Higher suicide risk among older immigrants with untreated depression

October 08, 2020

The risk of suicide is clearly elevated in the category of older women with untreated depression who were born outside the Nordic region, compared with corresponding Swedish-born women. This is shown by a study from the University of Gothenburg. Sweden.

"Our results indicate the need for innovative public health measures to meet needs among older foreign-born adults, especially women," says Khedidja Hedna, a researcher at AgeCap, the Centre for Ageing and Health at the University of Gothenburg, and lead author of the article now published in European Journal of Public Health.

Despite the high proportion of suicide in the 75+ age group, there has been very little research on the reasons why this is so. Since medication for depression is regarded as an important strategy for suicide prevention, a research team conducted a major national population study to investigate factors related to raised suicide risk among older adults, with and without antidepressant therapy.

The research was done by merging large national population registers to obtain a group of more than 1.4 million inhabitants of Sweden aged 75 and over, who were monitored for up to eight years. During the period, 1,305 people died by suicide: 907 men and 398 women.

Of the women who took their own lives, 164 had untreated depression; and 42 of the total number of female suicides (398) were of women born outside the Nordic region. Suicide risk was elevated among older immigrant women, and the risk was particularly high among those who did not receive medication for depression.

Among women who took antidepressants, the raised suicide risk was associated with high-status employment before retirement. In men, an elevated risk was found in those who were not treated for depression and who had manual jobs.

Another gender difference was the protective effect of being married, which was seen only in men. Raised suicide rates were observed among unmarried men both with and without antidepressant therapy.

The study was led by Margda Waern, Professor of Psychiatry specializing in suicidology at Sahlgrenska Academy, University of Gothenburg.

"Our results highlight the need for outreach services in healthcare, especially for older women born outside the Nordic region, and also for older men, who may also need measures to reduce their social isolation. The study indicates gender differences in factors related to suicide among people aged 75 and over, and these results may be helpful for personalized, gender-specific strategies for suicide prevention in psychiatric care, primary care and the social services," Waern says.
-end-
Title: Sociodemographic and gender determinants of late-life suicide in users and non-users of antidepressants, https://doi.org/10.1093/eurpub/ckaa114

Contacts:


Margda Waern, +46-702 272 205, margda.waern@vgregion.se
Khedidja Hedna, +971-561 978 897, khedidja.hedna@neuro.gu.se

University of Gothenburg

Related Depression Articles from Brightsurf:

Children with social anxiety, maternal history of depression more likely to develop depression
Although researchers have known for decades that depression runs in families, new research from Binghamton University, State University of New York, suggests that children suffering from social anxiety may be at particular risk for depression in the future.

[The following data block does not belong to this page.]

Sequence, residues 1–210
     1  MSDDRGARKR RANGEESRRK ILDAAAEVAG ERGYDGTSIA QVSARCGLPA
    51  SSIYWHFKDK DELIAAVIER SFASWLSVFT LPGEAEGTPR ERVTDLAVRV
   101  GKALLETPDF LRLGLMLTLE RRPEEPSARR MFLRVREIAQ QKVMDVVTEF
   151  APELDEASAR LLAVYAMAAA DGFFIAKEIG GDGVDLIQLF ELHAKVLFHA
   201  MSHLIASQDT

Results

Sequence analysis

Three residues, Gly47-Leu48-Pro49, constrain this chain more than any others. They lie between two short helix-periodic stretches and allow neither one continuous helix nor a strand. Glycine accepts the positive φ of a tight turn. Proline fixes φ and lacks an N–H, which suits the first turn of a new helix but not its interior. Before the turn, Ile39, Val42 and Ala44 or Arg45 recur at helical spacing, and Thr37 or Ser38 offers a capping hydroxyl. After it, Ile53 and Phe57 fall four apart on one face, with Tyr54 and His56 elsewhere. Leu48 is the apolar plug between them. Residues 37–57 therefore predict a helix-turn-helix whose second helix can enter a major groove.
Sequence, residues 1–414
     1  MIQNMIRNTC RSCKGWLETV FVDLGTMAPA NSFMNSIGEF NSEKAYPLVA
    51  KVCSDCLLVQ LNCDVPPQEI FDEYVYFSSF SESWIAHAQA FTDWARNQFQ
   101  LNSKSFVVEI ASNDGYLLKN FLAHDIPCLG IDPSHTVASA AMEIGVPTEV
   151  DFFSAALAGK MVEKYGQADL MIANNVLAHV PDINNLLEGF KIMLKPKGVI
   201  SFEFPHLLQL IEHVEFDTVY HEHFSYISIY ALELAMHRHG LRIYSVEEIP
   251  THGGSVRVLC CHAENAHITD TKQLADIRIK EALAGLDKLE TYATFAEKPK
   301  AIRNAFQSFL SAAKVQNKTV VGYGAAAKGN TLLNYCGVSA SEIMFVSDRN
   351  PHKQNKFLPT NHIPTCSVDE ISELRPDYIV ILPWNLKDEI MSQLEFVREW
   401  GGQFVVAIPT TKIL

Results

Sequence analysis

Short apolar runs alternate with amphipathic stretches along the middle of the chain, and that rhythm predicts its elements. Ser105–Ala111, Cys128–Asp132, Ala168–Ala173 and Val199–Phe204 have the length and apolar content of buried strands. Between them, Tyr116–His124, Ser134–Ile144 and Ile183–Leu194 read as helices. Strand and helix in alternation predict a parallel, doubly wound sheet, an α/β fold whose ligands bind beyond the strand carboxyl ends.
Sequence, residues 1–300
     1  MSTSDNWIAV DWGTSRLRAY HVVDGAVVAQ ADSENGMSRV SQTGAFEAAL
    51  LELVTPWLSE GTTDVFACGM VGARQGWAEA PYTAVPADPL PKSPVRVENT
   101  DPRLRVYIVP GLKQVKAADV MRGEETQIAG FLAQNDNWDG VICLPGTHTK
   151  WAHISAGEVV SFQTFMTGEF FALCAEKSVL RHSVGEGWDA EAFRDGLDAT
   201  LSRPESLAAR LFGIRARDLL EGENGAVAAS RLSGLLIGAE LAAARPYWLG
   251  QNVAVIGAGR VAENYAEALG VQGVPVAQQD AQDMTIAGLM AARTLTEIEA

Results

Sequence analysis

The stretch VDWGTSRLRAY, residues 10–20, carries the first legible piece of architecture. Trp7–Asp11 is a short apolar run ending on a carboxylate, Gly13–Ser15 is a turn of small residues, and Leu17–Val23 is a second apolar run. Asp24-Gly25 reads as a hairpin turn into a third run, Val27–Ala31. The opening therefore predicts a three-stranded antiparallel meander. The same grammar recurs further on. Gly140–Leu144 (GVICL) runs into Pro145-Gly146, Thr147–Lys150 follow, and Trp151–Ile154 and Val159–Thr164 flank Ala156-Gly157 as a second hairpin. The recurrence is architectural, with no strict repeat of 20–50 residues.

Depression and use of marijuana among US adults
This study examined the association of depression with cannabis use among US adults and the trends for this association from 2005 to 2016.

Maternal depression increases odds of depression in offspring, study shows
Depression in mothers during and after pregnancy increased the odds of depression in offspring during adolescence and adulthood by 70%.

Targeting depression: Researchers ID symptom-specific targets for treatment of depression
For the first time, physician-scientists at Beth Israel Deaconess Medical Center have identified two clusters of depressive symptoms that responded to two distinct neuroanatomical treatment targets in patients who underwent transcranial magnetic brain stimulation (TMS) for treatment of depression.

A biological mechanism for depression
Researchers report that in depressed individuals there are increased amounts of an unmodified structural protein, called tubulin, in lipid rafts compared with non-depressed individuals.

Depression in adults who are overweight or obese
In an analysis of primary care records of 519,513 UK adults who were overweight or obese between 2000-2016 and followed up until 2019, the incidence of new cases of depression was 92 per 10,000 people per year.

Why stress doesn't always cause depression
Rats susceptible to anhedonia, a core symptom of depression, possess more serotonin neurons after being exposed to chronic stress, but the effect can be reversed through amygdala activation, according to new research in JNeurosci.

Which comes first: Smartphone dependency or depression?
New research suggests a person's reliance on his or her smartphone predicts greater loneliness and depressive symptoms, as opposed to the other way around.

Depression breakthrough
Major depressive disorder -- referred to colloquially as the 'black dog' -- has been identified as a genetic cause for 20 distinct diseases, providing vital information to help detect and manage high rates of physical illnesses in people diagnosed with depression.

CPAP provides relief from depression
Researchers have found that continuous positive airway pressure (CPAP) treatment of obstructive sleep apnea (OSA) can improve depression symptoms in patients suffering from cardiovascular diseases.

Read More: Depression News and Depression Current Events
Brightsurf.com is a participant in the Amazon Services LLC Associates Program, an affiliate advertising program designed to provide a means for sites to earn advertising fees by advertising and linking to Amazon.com.